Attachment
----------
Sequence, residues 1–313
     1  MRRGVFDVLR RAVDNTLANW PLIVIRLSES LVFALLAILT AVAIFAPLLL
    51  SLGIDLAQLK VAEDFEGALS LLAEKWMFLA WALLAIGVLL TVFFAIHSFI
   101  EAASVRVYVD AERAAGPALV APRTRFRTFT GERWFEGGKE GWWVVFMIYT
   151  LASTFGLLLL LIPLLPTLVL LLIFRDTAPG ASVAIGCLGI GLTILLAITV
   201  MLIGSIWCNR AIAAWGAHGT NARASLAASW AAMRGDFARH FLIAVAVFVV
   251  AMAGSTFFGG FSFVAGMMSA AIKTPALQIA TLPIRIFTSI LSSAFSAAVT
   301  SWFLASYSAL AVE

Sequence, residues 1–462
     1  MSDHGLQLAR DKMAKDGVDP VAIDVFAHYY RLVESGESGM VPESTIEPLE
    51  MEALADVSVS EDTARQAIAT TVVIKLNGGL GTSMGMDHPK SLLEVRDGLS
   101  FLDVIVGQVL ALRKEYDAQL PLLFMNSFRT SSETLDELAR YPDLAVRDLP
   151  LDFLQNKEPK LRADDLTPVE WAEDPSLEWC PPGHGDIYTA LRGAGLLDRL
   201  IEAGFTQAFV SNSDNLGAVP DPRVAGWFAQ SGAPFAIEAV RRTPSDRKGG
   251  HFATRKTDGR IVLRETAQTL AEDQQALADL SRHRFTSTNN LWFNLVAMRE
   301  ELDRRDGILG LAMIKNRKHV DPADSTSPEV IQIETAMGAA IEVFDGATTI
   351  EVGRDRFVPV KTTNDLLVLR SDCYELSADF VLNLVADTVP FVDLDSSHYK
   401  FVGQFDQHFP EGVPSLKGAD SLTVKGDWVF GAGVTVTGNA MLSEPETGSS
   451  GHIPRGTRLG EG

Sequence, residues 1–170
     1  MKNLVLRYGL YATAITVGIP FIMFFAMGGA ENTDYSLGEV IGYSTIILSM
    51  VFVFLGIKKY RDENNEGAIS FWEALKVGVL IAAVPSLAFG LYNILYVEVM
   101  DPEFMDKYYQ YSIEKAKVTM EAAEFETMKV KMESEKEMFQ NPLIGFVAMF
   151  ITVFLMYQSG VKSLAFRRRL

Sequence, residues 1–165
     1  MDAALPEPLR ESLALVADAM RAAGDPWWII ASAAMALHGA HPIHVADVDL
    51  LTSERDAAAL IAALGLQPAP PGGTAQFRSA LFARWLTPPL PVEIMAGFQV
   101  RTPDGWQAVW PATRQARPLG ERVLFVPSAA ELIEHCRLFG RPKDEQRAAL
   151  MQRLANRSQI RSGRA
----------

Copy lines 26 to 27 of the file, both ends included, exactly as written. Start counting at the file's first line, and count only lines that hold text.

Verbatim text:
     1  MDAALPEPLR ESLALVADAM RAAGDPWWII ASAAMALHGA HPIHVADVDL
    51  LTSERDAAAL IAALGLQPAP PGGTAQFRSA LFARWLTPPL PVEIMAGFQV